Even Computers Can't Reshape The Politics of Redistricting
Northeast, Midwest congressmen will have to vie for fewer seats
IT is that time of the decade when members of Congress look to state legislatures with a mixture of angst and fresh respect. Many visit state capitols to chat with lawmakers. Some give generously to state campaigns. In the aftermath of population shifts during the 1980s, state legislators are sharpening their pencils to redraw congressional districts. Sophisticated new computers speed the process. They also open the system to more possible alternatives and legal challenges. The final decision, however, remains intensely political.
``Reapportionment all boils down to technology and politics - it's the ultimate political game,'' says Dr. Anthony Cupaiuolo, director of the Michaelian Institute for Sub/Urban Governance at Pace University.
Lobbying and criticism from Capitol Hill incumbents is likely to be lightest in the fast-growing Sun Belt states. California, Florida, and Texas will pick up a total of 14 new US House seats. Much more likely to feel the heat from Washington are state legislators in the Northeast and Midwest, where 13 states will lose at least one House seat.
New York leads the pack with a three-seat loss. It is one of 31 states where neither Republicans nor Democrats control the reins. The state Senate is in GOP hands, while Democrats dominate the Assembly. The balance makes political compromise a necessity.
``Members of the US House from New York who normally have no contact with the state legislature are spending a great deal of time in Albany,'' observes Joseph Zimmerman, a professor of political science at the State University of New York at Albany. ``They're up here lobbying for their lives.'' The most likely New York districts to be scrapped are in the vicinity of New York City and Buffalo. The 31st congressional district in western New York is considered particularly vulnerable. The seat, once held by Jack Kemp, now US Secretary of Housing and Urban Development, is held by Republican Bill Paxon, who was elected to a second term last fall.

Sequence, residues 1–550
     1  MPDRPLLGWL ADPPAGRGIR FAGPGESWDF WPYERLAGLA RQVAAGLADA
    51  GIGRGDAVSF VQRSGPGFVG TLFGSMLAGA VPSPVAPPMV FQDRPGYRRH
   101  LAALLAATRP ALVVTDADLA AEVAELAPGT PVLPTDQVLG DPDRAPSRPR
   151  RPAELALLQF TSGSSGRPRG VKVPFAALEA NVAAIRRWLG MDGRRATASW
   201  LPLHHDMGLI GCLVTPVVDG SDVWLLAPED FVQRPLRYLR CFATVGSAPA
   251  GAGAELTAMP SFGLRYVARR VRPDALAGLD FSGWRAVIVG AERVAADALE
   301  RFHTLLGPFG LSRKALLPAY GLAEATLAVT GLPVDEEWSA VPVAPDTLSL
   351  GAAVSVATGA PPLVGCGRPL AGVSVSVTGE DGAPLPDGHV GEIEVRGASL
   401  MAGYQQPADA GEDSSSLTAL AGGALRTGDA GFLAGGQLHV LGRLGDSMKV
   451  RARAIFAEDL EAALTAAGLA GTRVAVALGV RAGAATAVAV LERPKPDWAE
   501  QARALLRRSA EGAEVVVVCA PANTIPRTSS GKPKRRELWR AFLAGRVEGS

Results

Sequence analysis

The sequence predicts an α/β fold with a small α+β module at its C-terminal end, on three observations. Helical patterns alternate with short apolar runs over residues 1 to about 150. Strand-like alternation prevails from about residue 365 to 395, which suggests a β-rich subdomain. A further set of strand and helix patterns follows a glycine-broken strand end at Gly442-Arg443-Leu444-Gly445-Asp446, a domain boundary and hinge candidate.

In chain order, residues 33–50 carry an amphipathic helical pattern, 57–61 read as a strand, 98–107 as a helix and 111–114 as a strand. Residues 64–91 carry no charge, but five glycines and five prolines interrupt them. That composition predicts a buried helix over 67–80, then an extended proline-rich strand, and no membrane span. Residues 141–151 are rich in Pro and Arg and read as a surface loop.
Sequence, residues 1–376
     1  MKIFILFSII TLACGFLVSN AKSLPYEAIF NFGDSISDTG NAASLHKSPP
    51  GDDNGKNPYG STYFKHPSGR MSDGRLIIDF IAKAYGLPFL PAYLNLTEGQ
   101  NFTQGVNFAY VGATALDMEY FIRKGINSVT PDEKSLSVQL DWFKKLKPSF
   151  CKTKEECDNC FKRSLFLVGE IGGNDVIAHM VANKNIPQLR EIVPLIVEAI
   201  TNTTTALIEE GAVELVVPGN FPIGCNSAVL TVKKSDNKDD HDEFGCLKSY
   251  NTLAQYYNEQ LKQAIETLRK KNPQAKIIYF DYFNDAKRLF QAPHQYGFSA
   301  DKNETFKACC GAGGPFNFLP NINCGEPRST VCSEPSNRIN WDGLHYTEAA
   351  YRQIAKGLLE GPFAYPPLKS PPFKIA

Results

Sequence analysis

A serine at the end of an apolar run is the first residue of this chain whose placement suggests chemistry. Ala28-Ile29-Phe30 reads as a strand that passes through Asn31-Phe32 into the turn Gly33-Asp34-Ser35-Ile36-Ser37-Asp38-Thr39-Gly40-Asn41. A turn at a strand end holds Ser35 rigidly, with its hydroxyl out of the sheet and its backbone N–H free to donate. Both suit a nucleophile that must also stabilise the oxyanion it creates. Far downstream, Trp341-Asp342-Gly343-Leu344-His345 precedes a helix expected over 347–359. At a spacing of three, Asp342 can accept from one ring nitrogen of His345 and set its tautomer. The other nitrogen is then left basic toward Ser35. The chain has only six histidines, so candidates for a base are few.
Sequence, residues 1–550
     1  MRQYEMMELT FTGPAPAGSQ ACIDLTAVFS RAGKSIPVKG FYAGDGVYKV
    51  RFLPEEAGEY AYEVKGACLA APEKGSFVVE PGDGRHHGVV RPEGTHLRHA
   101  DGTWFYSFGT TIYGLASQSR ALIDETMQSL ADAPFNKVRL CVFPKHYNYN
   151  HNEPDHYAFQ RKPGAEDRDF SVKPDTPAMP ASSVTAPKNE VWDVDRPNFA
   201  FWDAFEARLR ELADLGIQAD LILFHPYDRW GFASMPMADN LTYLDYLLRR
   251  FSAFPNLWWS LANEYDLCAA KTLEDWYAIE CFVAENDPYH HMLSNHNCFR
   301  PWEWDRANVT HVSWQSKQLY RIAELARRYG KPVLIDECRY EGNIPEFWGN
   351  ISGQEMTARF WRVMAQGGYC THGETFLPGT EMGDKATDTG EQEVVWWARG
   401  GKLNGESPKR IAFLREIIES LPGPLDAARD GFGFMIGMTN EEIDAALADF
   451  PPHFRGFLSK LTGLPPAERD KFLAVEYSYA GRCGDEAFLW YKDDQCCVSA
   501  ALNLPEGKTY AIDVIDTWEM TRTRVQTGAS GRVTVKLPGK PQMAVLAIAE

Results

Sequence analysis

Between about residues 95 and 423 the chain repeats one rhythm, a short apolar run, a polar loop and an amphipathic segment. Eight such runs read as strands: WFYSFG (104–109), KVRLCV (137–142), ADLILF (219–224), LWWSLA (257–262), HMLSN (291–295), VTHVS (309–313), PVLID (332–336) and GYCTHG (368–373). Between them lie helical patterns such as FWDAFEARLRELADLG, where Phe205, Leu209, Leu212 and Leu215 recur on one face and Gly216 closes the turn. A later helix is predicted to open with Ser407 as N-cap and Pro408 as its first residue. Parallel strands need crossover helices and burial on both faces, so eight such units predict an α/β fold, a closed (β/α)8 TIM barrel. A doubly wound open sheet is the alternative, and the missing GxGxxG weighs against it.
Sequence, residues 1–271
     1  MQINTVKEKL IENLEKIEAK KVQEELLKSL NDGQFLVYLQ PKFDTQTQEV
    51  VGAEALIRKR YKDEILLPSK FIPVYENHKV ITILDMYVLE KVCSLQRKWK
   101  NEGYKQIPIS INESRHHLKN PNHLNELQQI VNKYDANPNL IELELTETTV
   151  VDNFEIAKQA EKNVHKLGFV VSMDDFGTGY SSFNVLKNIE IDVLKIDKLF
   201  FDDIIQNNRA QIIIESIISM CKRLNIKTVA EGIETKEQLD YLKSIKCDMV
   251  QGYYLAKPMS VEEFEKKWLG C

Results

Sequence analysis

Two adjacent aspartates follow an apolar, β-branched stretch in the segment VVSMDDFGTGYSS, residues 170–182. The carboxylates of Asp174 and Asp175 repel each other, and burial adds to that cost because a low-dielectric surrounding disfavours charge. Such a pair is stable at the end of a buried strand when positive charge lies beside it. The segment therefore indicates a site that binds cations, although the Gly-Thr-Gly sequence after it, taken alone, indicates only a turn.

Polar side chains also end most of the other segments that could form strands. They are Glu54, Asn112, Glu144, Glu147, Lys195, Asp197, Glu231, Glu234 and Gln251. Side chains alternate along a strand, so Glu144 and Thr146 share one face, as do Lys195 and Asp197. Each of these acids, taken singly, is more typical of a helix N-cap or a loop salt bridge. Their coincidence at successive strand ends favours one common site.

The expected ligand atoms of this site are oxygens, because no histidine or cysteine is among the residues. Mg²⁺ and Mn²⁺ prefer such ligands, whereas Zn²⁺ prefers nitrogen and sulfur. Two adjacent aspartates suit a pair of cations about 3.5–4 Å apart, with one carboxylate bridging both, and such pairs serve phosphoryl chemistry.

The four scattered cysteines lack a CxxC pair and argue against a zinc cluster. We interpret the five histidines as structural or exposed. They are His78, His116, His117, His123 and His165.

A former member of New York's assembly, Mr. Paxon has said he wants to meet with every state senator. He has also given a substantial sum to GOP state senate campaign coffers. He stresses that population in his district actually grew, while that in two other nearby districts, represented by long-time Democrats, shrank. Yet, whoever his opponent and whatever his territory, Paxon insists he will be a candidate.
When an incumbent retires or seeks another office, reapportionment is made easier. The decision by congressional Rep. Robert Mrazek (D) of Long Island to run for the US Senate ``eases the pressure a little,'' says State Sen. Dean Skelos (R), cochairman of New York State's reapportionment task force.
Some political analysts say redistricting plans in many states may not be finalized until next spring. One delaying factor is the expected decision by the Census Bureau in mid-July on whether or not the present count needs to be readjusted for error. And getting agreement from both parties in states where power is shared can take time.
Also, the Supreme Court, which previously took a hands-off approach to the politics of redistricting, held in a 1986 decision that partisan gerrymandering can be unconstitutional. Experts say more lawsuits are likely.
Tim Storey, a policy associate with the National Conference of State Legislatures, says his Denver office has recently begun to track about a dozen new lawsuits.
``Redistricting has always been a complicated process,'' explains Mr. Storey. ``Computers make the job easier but they also mean plans will have to withstand more scrutiny from the outside.''
Some political scientists argue that the present system needs reform. In nine states panels of nonpartisan experts, usually appointed by the governor, draw up the redistricting plans. Dr. Zimmerman says, ``I don't believe the legislature should be responsible for redistricting.'' He says districts should be as compact as possible - ideally, square-shaped.
Gerald Benjamin, a political scientist at the State University of New York at New Paltz, says there is enough accountability in the present political system. ``In my view there's no such thing as unbiased districting - it's a question of which bias,'' he says. ``The legislature is elected by the people and accountable to them. They can throw the members out. But if you put the job in some remote group's hands, well, they're not accountable to anybody except their own conscience.''